Marion County faces a shortage of teachers that is more severe than previous years. This means temporarily filling the open positions with substitute teachers or student teachers.

At the last Board of Education meeting, Marion County Superintendent Randy Farley, as well as other board members, shared information on Marion County’s new strategy to fill the positions — starting on Sept. 4, the school district will move to an online application process, widening the potential pool of applicants by making it easier for qualified individuals to apply. Applicants wouldn’t have to be physically present to fill out the necessary paperwork. While the district has faced open positions in the past, there are fewer applicants than in previous years.

The teacher shortage is not a new problem, and it’s not specific to Marion County. All across the state, school districts are facing a lack of qualified applicants to fill their open positions. Last year, the 2018-2019 school year began with over 700 teaching vacancies all across the state.

This year, that number is about the same. There are many contributing factors — long hours, insufficient pay and fewer college graduates interested in teaching, among them. The pay raise included in the most recent education bill in West Virginia will help us be more competitive with surrounding states, but this problem is not one that is specific to even West Virginia. All across the country, states are struggling to fill their classrooms with teachers.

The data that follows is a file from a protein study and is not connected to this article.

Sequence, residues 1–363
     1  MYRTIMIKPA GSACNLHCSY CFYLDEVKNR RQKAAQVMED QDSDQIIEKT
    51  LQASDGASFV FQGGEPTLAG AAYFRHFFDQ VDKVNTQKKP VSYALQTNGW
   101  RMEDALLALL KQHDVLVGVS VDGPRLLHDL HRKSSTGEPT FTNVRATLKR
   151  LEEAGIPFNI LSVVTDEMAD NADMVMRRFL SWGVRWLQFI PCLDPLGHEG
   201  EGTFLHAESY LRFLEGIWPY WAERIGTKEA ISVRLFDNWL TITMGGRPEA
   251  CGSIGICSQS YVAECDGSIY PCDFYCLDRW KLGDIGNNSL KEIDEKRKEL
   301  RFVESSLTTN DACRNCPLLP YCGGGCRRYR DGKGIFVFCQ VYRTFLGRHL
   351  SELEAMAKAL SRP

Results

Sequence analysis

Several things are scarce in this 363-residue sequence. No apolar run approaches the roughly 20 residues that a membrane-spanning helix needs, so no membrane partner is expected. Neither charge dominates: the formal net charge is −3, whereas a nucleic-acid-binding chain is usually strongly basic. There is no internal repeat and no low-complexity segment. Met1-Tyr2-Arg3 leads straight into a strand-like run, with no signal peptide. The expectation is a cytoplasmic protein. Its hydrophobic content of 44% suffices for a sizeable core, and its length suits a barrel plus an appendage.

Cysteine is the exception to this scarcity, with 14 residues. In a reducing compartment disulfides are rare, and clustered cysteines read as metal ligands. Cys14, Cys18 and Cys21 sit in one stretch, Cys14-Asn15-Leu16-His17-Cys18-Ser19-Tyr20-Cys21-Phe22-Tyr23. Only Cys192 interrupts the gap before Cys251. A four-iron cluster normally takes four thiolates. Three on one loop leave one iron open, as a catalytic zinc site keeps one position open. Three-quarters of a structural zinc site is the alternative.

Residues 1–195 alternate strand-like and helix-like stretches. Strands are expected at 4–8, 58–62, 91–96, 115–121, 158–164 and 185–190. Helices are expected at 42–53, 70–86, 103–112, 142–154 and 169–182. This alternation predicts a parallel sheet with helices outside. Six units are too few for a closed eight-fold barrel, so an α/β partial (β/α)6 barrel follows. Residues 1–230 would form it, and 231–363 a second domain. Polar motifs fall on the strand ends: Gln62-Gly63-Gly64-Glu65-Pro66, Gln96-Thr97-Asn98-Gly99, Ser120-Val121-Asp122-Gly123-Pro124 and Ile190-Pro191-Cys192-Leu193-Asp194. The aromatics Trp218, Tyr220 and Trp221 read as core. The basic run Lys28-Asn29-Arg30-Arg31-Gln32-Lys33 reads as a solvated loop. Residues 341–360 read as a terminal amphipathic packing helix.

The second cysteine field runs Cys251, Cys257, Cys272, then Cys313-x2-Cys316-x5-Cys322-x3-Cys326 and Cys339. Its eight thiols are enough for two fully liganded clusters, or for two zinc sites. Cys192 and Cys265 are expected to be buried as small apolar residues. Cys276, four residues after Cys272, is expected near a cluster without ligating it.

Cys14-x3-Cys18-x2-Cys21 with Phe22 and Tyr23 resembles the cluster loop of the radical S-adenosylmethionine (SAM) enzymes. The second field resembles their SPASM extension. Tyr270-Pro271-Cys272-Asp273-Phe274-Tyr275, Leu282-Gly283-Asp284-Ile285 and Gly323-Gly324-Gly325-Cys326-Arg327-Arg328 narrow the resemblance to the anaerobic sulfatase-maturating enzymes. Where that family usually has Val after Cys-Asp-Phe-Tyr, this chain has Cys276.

Perhaps surprising no one, the Economic Policy Institute found that the problem is particularly present in school districts that are underfunded. A lack of money in the district doesn’t just affect salary, but quality of classroom and education materials, technology access — and, in high poverty areas, can even affect the quality of students.

Students from low income households can be unengaged due to a lack of optimism, distracted due to nutritional needs not being met and may even have a lower vocabulary depending on their parents’ education level. What does this mean for Marion County? Probably an uphill battle.

West Virginia already faces high poverty levels — couple that with high obesity levels caused by poor nutrition and the fact that we’re basically ground-zero for the opioid crisis, and you have the prime ingredients for a classroom environment that people who aren’t from here certainly wouldn’t want to relocate to join. Thankfully, there are some short-term solutions.

WVU and Marshall, for example, are making teaching positions more enticing for college students. WVU reduced the number of years it takes to train an elementary school student from five to four. In addition, the WVUteach programs allows students who are studying anything in the STEM field to easily pivot their career options toward a job in the classroom.

Marshall is offering a scholarship from the Mair Foundation, which will provide a maximum of $72,500 over four years for potential STEM teachers.

Unfortunately, these solutions don’t do anything to encourage the state or nation to take teaching a lot more seriously and invest the money that would vastly improve education, and there’s nothing to guarantee that students who take advantage of the university initiatives will remain in West Virginia for the rest of their careers.

While Marion County is certainly doing the best it can with what it has, there will continue to be a teacher shortage here and elsewhere until we all start to take education a lot more seriously.

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